Yesterday I was out of it, eyes dilated, responding to my environment as if my nervous system was watching from outer space. Sounds felt tinny, like my tongue. It started after work on Thursday. Thursday night after my phone-call, I curled up in my duvet nest of bed, (the other half of my mattress is stacks and piles of books), and stared at the ceiling until I was willing to be crazy and simply get up again. Trying to sleep was about as effective as talking to a wall, which meant that Friday began a little loose around the edges. I had red bull and blue curacou for breakfast, and then for lunch, as I helped Silva set up her yard sale, which is when the edges completely fell out and the world began to sway in careful patterns.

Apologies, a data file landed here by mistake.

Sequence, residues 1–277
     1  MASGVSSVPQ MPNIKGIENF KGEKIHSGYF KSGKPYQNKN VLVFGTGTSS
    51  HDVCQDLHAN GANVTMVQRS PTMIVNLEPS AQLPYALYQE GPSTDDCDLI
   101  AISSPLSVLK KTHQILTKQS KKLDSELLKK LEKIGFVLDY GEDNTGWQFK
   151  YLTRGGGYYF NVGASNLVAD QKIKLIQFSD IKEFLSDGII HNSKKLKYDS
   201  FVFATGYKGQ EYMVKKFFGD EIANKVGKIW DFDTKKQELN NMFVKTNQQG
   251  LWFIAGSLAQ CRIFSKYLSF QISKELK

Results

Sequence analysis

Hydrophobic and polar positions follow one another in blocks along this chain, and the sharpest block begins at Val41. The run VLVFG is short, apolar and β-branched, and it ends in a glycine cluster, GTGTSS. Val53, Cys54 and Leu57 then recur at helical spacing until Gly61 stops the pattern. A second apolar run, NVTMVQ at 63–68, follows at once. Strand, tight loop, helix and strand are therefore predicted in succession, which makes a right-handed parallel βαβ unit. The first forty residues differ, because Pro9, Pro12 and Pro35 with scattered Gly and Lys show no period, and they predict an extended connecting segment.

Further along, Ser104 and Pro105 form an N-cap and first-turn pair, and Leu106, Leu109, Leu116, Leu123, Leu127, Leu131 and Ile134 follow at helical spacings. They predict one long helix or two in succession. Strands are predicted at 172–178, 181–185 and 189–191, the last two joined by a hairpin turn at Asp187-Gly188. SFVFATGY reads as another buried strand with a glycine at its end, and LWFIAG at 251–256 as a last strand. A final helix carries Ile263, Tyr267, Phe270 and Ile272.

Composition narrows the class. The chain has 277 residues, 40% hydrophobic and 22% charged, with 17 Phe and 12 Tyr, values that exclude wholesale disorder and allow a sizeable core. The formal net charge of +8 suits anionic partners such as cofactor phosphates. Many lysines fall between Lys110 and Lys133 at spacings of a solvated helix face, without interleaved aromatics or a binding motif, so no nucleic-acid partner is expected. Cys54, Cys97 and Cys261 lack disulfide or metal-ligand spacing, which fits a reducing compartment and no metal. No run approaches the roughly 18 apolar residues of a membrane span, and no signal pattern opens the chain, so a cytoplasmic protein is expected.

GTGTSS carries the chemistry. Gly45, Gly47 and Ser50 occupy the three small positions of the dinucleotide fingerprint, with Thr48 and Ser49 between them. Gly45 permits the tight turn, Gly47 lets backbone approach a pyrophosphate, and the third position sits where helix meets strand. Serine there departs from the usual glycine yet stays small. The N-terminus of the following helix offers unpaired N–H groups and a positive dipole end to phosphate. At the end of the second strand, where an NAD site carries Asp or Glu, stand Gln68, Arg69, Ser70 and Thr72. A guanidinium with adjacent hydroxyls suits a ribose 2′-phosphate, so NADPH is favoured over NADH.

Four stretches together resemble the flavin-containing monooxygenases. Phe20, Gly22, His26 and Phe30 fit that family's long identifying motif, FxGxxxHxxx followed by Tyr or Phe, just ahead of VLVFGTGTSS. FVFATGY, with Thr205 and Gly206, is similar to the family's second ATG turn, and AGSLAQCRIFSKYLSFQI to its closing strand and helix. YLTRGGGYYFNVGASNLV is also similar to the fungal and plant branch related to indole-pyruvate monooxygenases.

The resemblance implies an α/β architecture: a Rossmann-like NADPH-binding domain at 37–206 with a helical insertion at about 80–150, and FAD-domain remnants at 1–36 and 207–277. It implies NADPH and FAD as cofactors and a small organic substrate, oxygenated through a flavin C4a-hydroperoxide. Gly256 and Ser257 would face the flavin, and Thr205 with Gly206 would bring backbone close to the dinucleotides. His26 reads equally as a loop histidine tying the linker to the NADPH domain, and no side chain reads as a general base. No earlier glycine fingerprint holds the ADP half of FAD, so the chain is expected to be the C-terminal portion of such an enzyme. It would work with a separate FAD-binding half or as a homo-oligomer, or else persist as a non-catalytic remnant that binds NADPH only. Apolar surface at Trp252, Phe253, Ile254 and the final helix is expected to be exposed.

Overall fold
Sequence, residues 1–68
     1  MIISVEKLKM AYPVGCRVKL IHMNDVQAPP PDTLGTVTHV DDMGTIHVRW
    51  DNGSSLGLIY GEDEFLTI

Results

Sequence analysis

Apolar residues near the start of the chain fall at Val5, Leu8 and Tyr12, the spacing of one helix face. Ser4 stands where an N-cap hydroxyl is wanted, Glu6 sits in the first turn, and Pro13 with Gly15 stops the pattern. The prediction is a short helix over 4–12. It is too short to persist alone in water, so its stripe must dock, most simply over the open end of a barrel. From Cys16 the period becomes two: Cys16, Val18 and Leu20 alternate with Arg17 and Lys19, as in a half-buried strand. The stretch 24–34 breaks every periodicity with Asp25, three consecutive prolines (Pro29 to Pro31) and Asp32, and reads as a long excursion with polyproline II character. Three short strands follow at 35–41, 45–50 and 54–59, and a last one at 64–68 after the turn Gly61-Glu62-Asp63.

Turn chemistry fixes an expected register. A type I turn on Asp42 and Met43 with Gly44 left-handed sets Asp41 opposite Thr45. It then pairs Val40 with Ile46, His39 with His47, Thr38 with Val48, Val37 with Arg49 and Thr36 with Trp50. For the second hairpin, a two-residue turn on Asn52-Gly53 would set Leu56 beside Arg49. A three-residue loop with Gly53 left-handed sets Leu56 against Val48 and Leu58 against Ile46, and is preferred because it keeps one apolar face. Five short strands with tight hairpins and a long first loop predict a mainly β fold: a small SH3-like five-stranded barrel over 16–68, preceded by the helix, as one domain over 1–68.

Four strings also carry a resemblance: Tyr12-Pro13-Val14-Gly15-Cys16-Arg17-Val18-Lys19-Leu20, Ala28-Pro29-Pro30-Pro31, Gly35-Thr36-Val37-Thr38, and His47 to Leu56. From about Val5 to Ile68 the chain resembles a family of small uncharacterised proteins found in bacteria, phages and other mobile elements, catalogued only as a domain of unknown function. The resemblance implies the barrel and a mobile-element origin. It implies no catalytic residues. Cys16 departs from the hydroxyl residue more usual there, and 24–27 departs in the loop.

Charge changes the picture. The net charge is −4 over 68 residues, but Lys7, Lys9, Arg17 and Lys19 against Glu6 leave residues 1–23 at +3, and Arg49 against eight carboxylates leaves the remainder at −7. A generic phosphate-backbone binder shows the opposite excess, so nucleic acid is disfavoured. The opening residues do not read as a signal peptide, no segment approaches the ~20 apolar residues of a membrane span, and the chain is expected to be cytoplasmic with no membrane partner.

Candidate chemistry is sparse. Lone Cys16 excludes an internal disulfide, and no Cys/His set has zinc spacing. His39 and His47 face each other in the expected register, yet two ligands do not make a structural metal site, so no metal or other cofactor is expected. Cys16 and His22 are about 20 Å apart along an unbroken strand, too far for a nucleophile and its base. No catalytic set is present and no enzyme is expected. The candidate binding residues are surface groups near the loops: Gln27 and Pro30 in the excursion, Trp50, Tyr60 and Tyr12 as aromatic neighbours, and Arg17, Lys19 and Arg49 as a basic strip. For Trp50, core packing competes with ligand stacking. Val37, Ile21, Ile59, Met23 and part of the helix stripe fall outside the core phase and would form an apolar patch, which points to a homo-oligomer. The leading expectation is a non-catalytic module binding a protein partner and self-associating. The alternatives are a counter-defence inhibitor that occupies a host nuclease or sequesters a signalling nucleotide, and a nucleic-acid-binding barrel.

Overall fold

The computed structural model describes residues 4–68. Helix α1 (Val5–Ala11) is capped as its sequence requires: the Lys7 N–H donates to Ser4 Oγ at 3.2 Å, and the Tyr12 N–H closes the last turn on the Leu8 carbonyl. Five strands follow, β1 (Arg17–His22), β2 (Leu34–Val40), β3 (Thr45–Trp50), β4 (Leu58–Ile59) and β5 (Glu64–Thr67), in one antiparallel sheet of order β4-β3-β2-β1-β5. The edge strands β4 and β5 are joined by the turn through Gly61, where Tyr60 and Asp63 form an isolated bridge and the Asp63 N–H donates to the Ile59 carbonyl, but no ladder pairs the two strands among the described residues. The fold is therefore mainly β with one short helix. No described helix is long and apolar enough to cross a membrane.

It didn't help that my evening then became the I Braineater gallery opening where my friend's father randomly accused me of having a birthday soon and then, just as suddenly, ceased to talk to me; explaining, in detail, how one goes about safely blowing up 100 televisions; mildly hallucinating while standing on the corner by Tinseltown, having a deep personal conversation with a man I barely know; wading into a thrashing metal mosh-pit in a dark dirty pub full of kids with ironic Aerosmith t-shirts; possibly breaking some teeth of a junkie who wanted my bag then sitting with a hippie pan handler, tears tattooed under his eyes like a harlequin, to help him tie his shoes; ending up at Organix and finding it full of drunk brazilian boys, (since when did anyone have alcohol at a psytrance night?); finally having to hurt one of them too, just to be left alone; being given a Bjork ticket by a best friend's ex-boyfriend's roommate, (the same man who left me to wake up next to an unknown naked scotsman once); then realizing, when I'm home after dancing until I couldn't walk and barely see, that the machine-gun sun was coming up and I had to be somewhere in a couple of hours. (I suspect that I sent some worrying e-mails to various countries then, but I haven't the energy to check the damage yet. Nor will I, so fess up.)